Once time, I drew the ire of some diehard Quantum Leap enthusiasts when I made the observation that I thought Sam and Al were the best modern day version of Abbott & Costello. I believe they thought I was insulting the favorite duo, trying to discount all of their good deeds -- jumping through time to put right what once went wrong -- and saw it as a disrespectful comparison.
That couldn't have been further from the truth.
Sam and Al were the consumate modern day TV incarnation of Abbott & Costello from their classic comedy films. Yes, one was a straight man -- that would be Al -- and one was there for a bit more laughter -- and that would be Sam. And the point of any Abbott & Costello film was that these two opposites would come together before the feature's big finish to somehow against all odds set things right. To save the die. To divert the tragedy. But, yes, there were some very good natured laughs along the way at both of their expenses.
Was my comparison a stroke of genius? Of course not. But it was never intended as any insult, either, as I think fondly of Quantum Leap, so much so that I'd easily count it among the very best TV has had to offer in the way of Science Fiction and Fantasy. Much of this is owed to the work of its two incredible leads, Scott Bakula and Dean Stockwell.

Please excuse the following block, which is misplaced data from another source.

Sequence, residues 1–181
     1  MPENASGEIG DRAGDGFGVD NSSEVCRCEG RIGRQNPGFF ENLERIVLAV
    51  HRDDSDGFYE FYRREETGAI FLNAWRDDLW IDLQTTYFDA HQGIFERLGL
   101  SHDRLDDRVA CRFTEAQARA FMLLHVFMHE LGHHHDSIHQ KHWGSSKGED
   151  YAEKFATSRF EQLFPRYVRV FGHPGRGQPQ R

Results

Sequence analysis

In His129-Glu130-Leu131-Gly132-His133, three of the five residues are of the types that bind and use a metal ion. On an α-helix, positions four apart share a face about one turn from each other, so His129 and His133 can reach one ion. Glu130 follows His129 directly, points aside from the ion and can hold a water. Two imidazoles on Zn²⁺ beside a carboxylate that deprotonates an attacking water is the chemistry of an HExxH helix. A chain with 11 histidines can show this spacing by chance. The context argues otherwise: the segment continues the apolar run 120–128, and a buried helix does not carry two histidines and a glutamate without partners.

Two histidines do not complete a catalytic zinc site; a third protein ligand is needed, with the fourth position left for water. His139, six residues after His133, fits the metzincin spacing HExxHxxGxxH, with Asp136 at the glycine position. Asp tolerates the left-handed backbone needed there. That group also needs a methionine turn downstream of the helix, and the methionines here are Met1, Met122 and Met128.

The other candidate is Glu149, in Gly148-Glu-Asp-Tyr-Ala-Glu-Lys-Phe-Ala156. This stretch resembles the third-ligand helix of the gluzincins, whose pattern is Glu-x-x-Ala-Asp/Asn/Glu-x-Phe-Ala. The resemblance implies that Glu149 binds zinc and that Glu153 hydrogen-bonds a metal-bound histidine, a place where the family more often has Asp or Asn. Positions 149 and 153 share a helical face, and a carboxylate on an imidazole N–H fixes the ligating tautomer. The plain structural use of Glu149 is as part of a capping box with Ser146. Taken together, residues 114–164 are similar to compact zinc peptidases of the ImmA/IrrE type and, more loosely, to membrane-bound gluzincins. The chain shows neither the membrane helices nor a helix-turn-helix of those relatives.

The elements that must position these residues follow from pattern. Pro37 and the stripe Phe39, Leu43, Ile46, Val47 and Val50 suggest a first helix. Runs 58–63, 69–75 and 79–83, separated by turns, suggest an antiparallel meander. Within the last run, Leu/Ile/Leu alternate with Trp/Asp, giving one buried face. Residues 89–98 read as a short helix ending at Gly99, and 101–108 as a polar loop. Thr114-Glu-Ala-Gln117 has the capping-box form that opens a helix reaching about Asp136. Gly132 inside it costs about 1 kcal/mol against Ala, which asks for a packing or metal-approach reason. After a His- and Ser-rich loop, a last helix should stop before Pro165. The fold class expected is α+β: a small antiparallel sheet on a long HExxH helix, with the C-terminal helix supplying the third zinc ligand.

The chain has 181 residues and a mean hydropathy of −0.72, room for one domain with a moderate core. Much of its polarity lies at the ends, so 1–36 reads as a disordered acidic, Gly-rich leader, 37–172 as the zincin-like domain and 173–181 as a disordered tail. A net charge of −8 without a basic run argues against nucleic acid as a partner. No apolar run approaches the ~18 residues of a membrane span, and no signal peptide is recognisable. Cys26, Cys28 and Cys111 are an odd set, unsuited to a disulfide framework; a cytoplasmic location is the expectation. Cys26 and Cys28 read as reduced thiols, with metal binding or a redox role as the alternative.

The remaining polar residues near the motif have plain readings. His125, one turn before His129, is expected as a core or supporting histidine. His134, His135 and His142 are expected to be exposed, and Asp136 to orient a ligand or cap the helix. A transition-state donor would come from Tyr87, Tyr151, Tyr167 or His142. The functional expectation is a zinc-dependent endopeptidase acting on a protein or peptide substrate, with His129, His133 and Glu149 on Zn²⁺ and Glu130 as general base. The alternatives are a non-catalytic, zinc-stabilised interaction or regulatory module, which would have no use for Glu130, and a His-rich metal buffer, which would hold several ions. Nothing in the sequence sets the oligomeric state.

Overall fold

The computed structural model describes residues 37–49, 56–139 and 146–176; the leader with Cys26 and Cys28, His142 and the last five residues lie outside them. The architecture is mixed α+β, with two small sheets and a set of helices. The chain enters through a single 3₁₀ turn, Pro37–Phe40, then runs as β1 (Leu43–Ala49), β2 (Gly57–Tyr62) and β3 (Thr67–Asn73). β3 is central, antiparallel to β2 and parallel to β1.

Alas, a certain end awaits us all, and word reached me this morning that Mr. Stockwell has left us.
With over two hundred different screen credits to his name -- as well as four nominations for 'Outstanding Supporting Actor In A Drama Series' from the Primetime Emmys for his work aboard Leap -- Stockwell was an incredibly versatile talent who could handle both heavy and light moments with some amazing grace. Though genre fans will likely remember him best for his incredible contribution to the time travel program, we mustn't forget that he showed us a darker side of his craft aboard Syfy's reincarnated Battlestar Galactica program where he played a singular Cylon, 'John Cavil.'
However, those weren't his only contributions to genre entertainment. A review of his IMDB.com shows that the actor enjoyed screen time in such entries as The Twilight Zone, The Werewolf Of Washington (1973), Tales Of The Unexpected, Dune (1984), Once Bitten (1985), The Time Guardian (1987), Captain Planet And The Planeteers, Lois & Clark: The New Adventures Of Superman, Sinbad: The Battle Of The Dark Knights (1998), Batman Beyond: Return Of The Joker (2000), Star Trek: Enterprise, and Stargate: SG-1.
And as for those who hated by Abbott & Costello comparison?
Did you know that Stockwell actually worked with them? One of his earliest roles -- obviously a small one -- was aboard the 1945 comedy Bud Abbott And Lou Costello In Hollywood. So maybe he gleaned a bit of what I imagined in his earliest days exploring the craft.
Prayers and warmest wishes to the Stockwell family and friends in their time of need.